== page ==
"The Request for Procurement (RFP) is expected next year, and we will be responding. We plan on offering a derivative of the P-8 aircraft, based on the Boeing-737 platform," he added. Others expected to be in the running for the contract include Russia's Ilyushin, France's Dassault and EADS. Like most defence deals pursued in India, the acquisition of the MRMR aircraft has followed a long and tortuous route. Chadwick also reiterated the advantages that the IAF would garner, if it chose Boeing's F/A-18 Super Hornet as its preferred combat aircraft.
"We are yet to receive any formal indication or information from the Ministry of Defence or from the IAF as regards the Medium Range Multi-Role Combat Aircraft tender.
But, we are very fortunate to have a solid production line, and given its scale, we can meet the IAF's need very quickly," he said.
During Aero India 2011, Air Chief Marshal PV Naik had announced that New Delhi would actually sign the US $11 billion contract by September later in the year. Six fighters are competing for the IAF contract: Boeing's F/A-18 Super Hornet; Lockheed Martin's F-16IN Super Viper; the MiG Corporation's MiG-35; Saab's Gripen NG; Dassault's Rafale; and a four-nation European consortium's Eurofighter.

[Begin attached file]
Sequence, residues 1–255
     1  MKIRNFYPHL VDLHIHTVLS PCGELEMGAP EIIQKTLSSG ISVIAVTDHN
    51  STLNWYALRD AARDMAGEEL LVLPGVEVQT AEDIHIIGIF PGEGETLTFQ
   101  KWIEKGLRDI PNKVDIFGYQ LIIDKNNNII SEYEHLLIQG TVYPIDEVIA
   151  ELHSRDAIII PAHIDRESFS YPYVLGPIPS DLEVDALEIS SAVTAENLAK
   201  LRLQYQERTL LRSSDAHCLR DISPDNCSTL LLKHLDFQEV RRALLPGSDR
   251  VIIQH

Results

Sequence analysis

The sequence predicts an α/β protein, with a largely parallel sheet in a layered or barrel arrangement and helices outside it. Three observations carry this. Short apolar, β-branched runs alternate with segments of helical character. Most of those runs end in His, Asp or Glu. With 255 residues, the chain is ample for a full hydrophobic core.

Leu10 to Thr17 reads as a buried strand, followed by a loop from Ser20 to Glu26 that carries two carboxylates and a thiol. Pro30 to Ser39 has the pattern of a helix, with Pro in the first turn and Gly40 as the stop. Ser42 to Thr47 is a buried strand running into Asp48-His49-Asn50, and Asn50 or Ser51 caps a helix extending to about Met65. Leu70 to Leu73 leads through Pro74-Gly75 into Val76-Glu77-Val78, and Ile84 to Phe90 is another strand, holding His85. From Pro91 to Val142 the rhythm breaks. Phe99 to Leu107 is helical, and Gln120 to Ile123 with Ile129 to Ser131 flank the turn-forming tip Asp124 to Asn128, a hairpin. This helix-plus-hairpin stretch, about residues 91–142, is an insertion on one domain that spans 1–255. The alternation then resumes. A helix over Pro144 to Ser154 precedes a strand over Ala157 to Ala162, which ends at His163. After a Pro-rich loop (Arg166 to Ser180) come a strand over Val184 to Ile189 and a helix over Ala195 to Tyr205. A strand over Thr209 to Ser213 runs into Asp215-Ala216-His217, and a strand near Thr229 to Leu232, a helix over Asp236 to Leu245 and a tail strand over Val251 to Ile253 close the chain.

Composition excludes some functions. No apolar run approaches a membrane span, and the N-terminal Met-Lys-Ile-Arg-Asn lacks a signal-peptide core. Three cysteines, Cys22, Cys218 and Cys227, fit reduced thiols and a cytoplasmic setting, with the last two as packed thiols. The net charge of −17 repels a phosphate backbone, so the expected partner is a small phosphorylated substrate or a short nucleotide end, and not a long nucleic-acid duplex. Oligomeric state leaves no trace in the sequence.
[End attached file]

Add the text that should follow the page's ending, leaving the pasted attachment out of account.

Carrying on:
The pigsty that is civil aviation in India (Part III)
Over 90% of Indian domestic air passenger travel is supposed to be ‘business travel’, and is paid for by commercial entities. One would have thought that the largest protest would have come from them, since it is their human assets which are out there in the skies, being flown by fakes and frauds. However, they too have kept their silence... and the reasons are not too far to find
The complete business of buying, owning, operating and generally keeping in good order any private airplane is totally in the hands of the DGCA (Directorate General of Civil Aviation). One word or line out of place by any business leaders, and they would probably find that they have to take commercial flights, too. And that wouldn't really do, would it? I mean, can you imagine—not being permitted to take your private business plane on a holiday to watch the Indian Cricket Team defeat the Pakistani Cricket Team?
Let’s get back to our series on civil aviation. There is somebody in the civil aviation part of governance in India who is very, very upset with the title as well as contents of the first two parts of this series (The pigsty that is civil aviation in India.
Apparently, the title and article are "against National Interest", and there is concern that the international community will laugh at us. Or worse. On the contents of the article itself, there is not much reflex, as yet. Whether the reality of aviation in India is not against national interest, known wide and far and currently the subject of immense interest on the Internet as well as with the international community, nothing.